Gwyneth Paltrow Gold Gladiators

Gwyneth Paltrow Gold Ugly Gladiators

Gladiators now are also made with heels. Wedge and pencil, that is quite O.K. However, when the gladiator style meets the bondage, that is when one needs to be careful. Also, gladiators are the fine line between style and not knowing style. To succumb to wearing gladiators, one should be confident of the pair picked up, and how its worn. Celebritites like Gwynneth Paltrow known for her choice of gladiators, have famously gone wrong as well. Not only did she wear them with trousers, they were gold in colour, with an unflattering design!

There are designers making fashionable yet ugly bondage gladiators. There are designers making terribly ugly normal gladiators. And then there are the embellished gladiators, which are just plain ugly.

Gladiator shoes elicit a lot of reaction. They are a style statement, and as with any such statement, they are either loved or hated. There are those who hate gladiators. However, there are many more people like me, who love gladiator shoes.

Gladiator shoes are back this summer. So ladies, buckle up. Get those summery dresses out. And enjoy these Roman Beauties. Because this is one shoe that is stylish while being flat, and so utterly suitable to Indian roads 😉


Buying the Regular Daily Wear Shoe May 5, 2009

Filed under: regular shoes — Dips @ 7:29 pm
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I own shoes. Correction. I own quite a lot of shoes – at least by standards of most Indian women. Where most of the ladies I am acquainted with own four, five or even six pairs of shoes, I, well I, have not counted how many I own. There definitely are more than that can fit into my shoe cupboard. I keep the others in almirah, or in the box bed…or somewhere.

Those privileged few who have seen all my shoes in one go usually ask – ‘Do you wear them?’ Of course I do. Each and every one of them. Though not regularly, but I have a diverse selection with different kinds of footwear. As a result, I can change my shoes with outfits and occasions and that too without qualms. I do not have two similar looking strappy numbers of different colours. What I do have is a strappy shoe and another boot. A kitten heel as well as wedge. A peep toe as well as a pointy toe. Flat, jute made shoes to shiny black leather ones. So, while choosing what to wear, its more about what mood Im in, what I want to wear, and be. Than the colour.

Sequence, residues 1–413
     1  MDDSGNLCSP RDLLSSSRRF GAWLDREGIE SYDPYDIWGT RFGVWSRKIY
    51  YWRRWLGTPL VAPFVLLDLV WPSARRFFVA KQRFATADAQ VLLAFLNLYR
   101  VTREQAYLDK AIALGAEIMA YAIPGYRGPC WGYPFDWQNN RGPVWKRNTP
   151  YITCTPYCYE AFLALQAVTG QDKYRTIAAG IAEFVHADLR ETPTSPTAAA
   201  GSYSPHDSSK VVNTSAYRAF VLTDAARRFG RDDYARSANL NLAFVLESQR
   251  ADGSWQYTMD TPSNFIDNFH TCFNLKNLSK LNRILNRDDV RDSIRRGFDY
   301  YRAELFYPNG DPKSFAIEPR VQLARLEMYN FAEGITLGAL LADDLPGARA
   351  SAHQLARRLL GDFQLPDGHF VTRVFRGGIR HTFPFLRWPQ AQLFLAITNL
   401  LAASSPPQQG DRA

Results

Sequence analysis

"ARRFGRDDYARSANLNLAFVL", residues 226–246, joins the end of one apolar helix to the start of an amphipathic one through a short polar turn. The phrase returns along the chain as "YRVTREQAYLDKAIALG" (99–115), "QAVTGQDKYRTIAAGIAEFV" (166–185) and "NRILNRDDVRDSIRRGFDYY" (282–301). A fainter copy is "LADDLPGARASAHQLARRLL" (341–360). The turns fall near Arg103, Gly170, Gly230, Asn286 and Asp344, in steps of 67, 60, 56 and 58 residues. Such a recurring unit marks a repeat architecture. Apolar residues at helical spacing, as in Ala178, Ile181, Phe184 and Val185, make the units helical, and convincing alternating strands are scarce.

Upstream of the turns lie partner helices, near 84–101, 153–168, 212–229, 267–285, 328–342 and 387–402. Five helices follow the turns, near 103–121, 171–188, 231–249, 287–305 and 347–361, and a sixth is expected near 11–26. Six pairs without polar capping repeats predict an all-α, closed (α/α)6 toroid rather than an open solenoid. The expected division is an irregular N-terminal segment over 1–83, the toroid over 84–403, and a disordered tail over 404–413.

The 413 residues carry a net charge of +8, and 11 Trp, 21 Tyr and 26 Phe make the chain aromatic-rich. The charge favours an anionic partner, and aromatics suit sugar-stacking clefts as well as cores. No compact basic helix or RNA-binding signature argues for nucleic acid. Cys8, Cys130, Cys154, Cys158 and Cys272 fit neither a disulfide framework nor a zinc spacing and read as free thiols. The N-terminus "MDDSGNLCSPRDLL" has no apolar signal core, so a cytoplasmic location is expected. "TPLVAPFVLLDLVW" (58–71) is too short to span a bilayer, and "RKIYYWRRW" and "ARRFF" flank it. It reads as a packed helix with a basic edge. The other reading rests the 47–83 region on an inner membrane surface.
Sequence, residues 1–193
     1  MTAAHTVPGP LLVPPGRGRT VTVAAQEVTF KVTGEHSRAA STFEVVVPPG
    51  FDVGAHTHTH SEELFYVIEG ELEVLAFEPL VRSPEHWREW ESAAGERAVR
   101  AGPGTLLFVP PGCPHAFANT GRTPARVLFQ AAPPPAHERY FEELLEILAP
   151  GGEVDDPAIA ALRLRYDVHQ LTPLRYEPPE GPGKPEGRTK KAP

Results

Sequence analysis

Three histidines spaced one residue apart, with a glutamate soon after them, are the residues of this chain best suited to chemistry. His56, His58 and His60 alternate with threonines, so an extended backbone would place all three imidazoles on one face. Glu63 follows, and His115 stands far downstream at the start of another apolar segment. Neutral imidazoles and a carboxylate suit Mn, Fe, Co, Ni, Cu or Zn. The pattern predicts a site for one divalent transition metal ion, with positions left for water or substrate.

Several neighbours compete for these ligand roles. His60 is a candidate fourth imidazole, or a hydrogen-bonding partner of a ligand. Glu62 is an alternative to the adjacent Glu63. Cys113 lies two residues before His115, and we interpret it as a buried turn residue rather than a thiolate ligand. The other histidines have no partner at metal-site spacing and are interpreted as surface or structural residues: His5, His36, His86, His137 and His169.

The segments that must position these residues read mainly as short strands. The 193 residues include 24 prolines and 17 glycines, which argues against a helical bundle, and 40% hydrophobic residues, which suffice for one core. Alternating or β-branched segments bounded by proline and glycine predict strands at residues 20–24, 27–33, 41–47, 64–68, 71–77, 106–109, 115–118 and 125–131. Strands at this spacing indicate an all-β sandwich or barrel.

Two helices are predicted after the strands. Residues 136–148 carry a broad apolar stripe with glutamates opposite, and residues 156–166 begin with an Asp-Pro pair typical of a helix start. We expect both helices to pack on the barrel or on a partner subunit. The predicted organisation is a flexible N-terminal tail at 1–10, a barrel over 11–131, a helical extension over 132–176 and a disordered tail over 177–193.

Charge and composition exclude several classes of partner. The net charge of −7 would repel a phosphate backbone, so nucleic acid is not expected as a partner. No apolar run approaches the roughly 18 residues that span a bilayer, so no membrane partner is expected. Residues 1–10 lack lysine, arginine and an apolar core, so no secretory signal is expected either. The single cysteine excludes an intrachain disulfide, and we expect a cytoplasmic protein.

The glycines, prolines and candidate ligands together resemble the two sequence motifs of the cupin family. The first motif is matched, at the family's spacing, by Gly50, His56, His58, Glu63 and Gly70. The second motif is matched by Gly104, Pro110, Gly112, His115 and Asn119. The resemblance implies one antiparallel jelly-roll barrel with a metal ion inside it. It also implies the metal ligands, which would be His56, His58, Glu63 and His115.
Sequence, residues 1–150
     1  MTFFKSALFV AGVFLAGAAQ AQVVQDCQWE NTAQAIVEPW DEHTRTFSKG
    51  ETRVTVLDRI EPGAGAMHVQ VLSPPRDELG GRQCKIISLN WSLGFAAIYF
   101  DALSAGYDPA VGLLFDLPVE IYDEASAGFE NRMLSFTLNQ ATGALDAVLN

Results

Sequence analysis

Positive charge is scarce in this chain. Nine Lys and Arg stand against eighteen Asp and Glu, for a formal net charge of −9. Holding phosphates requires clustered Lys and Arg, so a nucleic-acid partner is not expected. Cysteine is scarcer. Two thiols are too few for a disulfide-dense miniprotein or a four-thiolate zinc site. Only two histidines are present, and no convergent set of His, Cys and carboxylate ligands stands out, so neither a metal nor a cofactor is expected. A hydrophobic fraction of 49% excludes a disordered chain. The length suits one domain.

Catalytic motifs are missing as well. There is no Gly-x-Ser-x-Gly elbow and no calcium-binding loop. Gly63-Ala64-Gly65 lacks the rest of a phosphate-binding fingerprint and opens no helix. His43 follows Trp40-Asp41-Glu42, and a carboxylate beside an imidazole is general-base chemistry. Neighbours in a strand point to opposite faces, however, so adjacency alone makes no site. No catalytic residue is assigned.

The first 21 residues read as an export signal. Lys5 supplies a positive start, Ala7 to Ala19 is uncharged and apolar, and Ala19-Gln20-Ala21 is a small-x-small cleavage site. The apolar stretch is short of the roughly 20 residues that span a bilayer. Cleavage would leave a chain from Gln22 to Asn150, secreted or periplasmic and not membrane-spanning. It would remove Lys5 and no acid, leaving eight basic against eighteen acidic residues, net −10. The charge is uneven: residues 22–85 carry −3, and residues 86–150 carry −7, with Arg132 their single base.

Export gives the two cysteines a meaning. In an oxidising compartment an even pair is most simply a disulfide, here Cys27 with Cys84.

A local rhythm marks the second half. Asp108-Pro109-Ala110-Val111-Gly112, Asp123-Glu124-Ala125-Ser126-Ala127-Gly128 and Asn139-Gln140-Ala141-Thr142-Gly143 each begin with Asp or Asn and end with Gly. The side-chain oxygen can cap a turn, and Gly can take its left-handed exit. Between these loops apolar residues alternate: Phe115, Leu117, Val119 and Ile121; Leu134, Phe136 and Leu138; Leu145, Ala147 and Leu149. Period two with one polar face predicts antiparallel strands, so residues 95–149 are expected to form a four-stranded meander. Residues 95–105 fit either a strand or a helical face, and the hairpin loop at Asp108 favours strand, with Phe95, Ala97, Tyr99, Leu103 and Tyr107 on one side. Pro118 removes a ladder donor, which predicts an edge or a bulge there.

However, there is in my shoe closet, a special place for my regular shoes. Shoes I don on an almost-daily basis for office. These are unobtrusive yet classic. They can match almost any outfit I own, they are great. They have to be great. Otherwise I wouldn’t be able to wear them daily.

Thus, when I speak to someone about lack of shoes, they laugh on my face. No one realises my shoes wear out really quickly and the ones I wear regularly are usually irreplaceable. Hence, I wear them really often and they wear quickly out as well. When I go buying shoes, I like something different – and so usually they are not shoes I can wear regularly to office – not in India. I buy exotic, interesting, not-yet-in-my-closet shoes.

So it is that I have to go shoe shopping for my regular pair, notwithstanding my peers scorns. However, guess what. I really do not enjoy shopping, and that does include shoe shopping. I like shoes, but to go and hunt for the right pair is difficult. Unlike the accidental buys – when I am out, and I see a pair that I have to have! To buy shoes for regular wear, one has to keep in mind a certain design and then hunt all over for that perfect pair. The pair does not beckon you, you look for it. Meanwhile, many others will call out for your attention, making you want to own them as well. And, then, to crown it all, one has to look for the right fitting by trying on oh-so-many pairs of shoes!

Ah well, I guess its time I went shoe shopping again. To get that pair which I can wear to office, regularly, without thinking. That one pair that will match with most of my formal wear, that one ubiquitous pair that will be classy, modern, demure, stylish and comfortable enough to be worn daily, hour upon hour.